Approximately 60 million years ago, at the beginning of Wilcox time, through a combination of uplift and fall of sea level, the interior of North America was sufficiently elevated above sea level to begin a cycle of erosion that resulted in the transportation of large volumes of sand, silt, and clay into the Gulf of Mexico basin of deposition, which includes the CELCOM.
The prodelta Midway shales are the product of erosion of the distant interior bedrock of the North American continent. The Midway depositional environment was far removed from the interior sediment sources and the majority of sediments reaching the prodeltaic depositional sites of the Midway were clays, later compacted to shale. With the passage of time, the streams carrying the coarser detritus and lesser amounts of clays reached the CELCOM area. These sediment-laden streams prograded out over the surface of the prodelta Midway shales in the initial stages of the constructive delta building of the Wilcox. This constructive process created a new and distinct depositional environment: a fluvially dominated deltaic environment. It is in this setting that the coalbeds of the CELCOM were deposited.
Galloway and Hobday (1983) identify two processes that control deposition in delta systems: the constructive process and the destructive process. In a constructive, fluvially dominated delta, the sediment input is greater than the energy of the receiving basin to rework and modify the delta. In the destructive process, wave and tidal energy rework, redistribute and remove some of the sediments of the constructive phase.
Approximately 60 million years ago, the sediments of the Wilcox in the CELCOM area were deposited by sediment-laden rivers prograding into the CELCOM area. These rivers, called distributaries, prograded basinward and constructed a dominately sandstone structural and stratigraphic framework into and on top of the older prodelta shales of the Midway. Through time, the framework developed into overlapping deltas composed of many subsidiary depositional environments that contained numerous and, in some cases, thick coalbeds. Figure 4 illustrates the geologic history of the Wilcox of the CELCOM as can be interpreted by using electric log data.
The geologic evidence indicates a prograding, fluvially dominated history for the lower Wilcox of the CELCOM. Subsequently, the middle Wilcox prograded basinward over the lower Wilcox and indicates a transition from the progradational environment to an environment of multiple aggradational parasequence sets, where basin subsidence closely approximated the rate of sedimentation. Finally, basin subsidence gave way to a wave- and tidal-dominated destructional phase where the sediments of the delta were reworked and redistributed as they built out over the underlying middle and lower Wilcox strata. The first two phases in the lower and middle Wilcox resulted in coalbed deposition; the final, upper Wilcox indicates that the coalbeds, if deposited, were largely reworked and removed from the delta complex.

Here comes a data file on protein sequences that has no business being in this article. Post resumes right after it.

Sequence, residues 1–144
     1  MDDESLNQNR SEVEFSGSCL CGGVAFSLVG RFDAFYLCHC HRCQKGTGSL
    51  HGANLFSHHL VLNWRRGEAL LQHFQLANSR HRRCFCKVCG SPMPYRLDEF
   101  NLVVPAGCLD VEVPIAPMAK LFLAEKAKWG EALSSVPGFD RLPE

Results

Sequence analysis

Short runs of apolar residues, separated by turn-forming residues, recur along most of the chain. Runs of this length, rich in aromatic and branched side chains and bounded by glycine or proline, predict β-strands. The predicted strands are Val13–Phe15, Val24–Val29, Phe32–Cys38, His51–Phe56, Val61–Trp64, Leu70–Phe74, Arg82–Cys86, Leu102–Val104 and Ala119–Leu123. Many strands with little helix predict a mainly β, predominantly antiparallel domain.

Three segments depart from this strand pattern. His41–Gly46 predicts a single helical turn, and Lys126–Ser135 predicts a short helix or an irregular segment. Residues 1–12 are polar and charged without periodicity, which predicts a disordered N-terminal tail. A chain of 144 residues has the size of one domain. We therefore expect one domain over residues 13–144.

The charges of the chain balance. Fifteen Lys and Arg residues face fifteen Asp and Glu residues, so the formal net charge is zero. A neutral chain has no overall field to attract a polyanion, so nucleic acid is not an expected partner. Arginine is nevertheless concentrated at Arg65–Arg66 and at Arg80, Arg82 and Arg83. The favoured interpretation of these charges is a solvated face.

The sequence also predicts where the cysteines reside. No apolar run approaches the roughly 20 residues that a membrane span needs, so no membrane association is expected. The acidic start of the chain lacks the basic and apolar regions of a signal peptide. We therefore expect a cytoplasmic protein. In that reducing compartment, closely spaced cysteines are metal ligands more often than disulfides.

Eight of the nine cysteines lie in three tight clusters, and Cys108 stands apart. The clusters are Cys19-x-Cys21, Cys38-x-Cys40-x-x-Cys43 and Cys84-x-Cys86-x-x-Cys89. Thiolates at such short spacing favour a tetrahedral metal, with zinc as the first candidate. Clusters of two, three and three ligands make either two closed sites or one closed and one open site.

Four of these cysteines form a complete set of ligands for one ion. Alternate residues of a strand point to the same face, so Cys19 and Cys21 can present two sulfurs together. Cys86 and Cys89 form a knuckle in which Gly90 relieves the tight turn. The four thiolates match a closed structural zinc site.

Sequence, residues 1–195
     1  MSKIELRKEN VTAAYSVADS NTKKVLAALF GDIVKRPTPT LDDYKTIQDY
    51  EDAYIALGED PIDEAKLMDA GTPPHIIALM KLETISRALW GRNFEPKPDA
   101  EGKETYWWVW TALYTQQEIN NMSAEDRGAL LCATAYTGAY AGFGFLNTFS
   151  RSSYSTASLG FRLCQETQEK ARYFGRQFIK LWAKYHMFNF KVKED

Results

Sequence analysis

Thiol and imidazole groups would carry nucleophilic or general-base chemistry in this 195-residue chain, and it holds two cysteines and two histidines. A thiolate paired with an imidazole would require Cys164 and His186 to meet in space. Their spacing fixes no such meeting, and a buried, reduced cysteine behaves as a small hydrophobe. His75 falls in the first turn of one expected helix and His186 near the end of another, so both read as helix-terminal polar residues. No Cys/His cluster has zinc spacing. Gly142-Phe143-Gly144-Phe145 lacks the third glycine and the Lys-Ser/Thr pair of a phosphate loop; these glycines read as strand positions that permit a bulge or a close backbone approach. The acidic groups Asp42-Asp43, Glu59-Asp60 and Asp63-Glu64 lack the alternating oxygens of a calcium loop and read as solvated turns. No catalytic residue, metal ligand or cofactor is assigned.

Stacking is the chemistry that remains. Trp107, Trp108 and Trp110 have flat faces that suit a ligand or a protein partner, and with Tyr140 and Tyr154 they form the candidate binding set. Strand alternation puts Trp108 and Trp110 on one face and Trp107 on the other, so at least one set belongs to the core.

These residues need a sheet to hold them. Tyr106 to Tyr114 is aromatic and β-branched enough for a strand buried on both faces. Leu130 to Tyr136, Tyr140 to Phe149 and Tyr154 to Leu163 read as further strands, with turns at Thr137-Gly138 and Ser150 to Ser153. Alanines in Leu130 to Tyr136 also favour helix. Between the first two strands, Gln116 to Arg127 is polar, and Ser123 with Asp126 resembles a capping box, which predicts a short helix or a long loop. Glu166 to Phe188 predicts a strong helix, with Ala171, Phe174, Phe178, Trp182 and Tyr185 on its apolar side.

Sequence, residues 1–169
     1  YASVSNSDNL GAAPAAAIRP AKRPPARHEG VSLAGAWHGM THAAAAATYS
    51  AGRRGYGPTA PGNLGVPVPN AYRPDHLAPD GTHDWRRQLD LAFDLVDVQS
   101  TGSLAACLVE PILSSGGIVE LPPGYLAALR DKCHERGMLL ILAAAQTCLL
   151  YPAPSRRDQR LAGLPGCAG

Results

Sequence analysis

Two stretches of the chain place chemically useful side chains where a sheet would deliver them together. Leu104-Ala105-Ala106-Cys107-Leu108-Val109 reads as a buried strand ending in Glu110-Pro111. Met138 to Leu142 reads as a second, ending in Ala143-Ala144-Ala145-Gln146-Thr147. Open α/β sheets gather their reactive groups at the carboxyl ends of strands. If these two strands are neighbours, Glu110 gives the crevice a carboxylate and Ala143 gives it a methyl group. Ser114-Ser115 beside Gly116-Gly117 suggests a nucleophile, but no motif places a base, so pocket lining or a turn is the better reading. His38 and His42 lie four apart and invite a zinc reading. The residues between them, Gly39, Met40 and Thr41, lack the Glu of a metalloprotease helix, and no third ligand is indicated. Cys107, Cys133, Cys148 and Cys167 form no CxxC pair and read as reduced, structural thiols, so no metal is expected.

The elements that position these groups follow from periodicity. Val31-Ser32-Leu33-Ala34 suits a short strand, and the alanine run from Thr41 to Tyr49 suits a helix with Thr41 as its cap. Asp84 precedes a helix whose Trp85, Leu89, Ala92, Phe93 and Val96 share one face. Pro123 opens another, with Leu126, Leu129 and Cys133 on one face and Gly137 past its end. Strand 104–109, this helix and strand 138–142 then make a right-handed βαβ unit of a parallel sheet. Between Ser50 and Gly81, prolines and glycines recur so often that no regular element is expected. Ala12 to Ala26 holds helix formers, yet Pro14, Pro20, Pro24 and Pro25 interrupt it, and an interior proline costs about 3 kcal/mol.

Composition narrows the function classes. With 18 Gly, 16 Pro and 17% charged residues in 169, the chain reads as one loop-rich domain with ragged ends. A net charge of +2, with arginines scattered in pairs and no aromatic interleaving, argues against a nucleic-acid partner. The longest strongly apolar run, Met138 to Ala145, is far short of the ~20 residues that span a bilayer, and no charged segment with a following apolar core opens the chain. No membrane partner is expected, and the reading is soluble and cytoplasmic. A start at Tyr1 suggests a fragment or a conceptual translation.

The CELCOM has only one completed and produced coalbed methane gas well. However, the geologic evidence indicates a much larger area (Fig. 6) with probable coalbed methane gas-producing potential. Interpretation of the geologic evidence indicates that the geologic history of the area is conducive to the development of widespread coalbeds with sufficient thickness to provide profitable gas well completion attempts in the area. An exploratory test well is called for at this time to answer the question.
The author extends his gratitude to the staff and director of the Basin Research Institute for their assistance in the preparation of this report. In particular, I would like to thank Riley Milner for his assistance in the research, Clifford Duplechin and Mary Lee Eggert for the preparation of the figures and other illustrations which accompany the report. Finally, my thanks to Margo Olinde for her talented editing efforts to make the article readable.
Andersen, H.V., 1993, Geology of Natchitoches Parish: Louisiana Geological Survey, Geological Bulletin n. 44, 227 p.
Coleman, J.M. and S.M. Gagliano,, 1964, Cyclic sedimentation in the Mississippi River deltaic plain: Gulf Coast Association of Geological Societies Transactions, v. 24, p.67-80.
Echols, J.B. and D.M. Goddard,, 1992, Stratigraphic capture: a depositional process facilitating fluid and gas movement between porous and permeable beds: Gulf Coast Association of Geological Societites Transactions, v. 42, p.121-133.
Galloway, W.E. and D.K. Hobday, 1983, Terrigenous Clastic Depositional Systems: Applications to Petroleum, Coal, and Uranium Exploration: Springer-Verlag, New York, 413 p.
Nelson, C. R., 1999, Changing perceptions regarding the size and production potential of coalbed methane resources: Gas Research Institute, Gas Tips, Summer 1999, v. 5, n. 2, p. 4-11.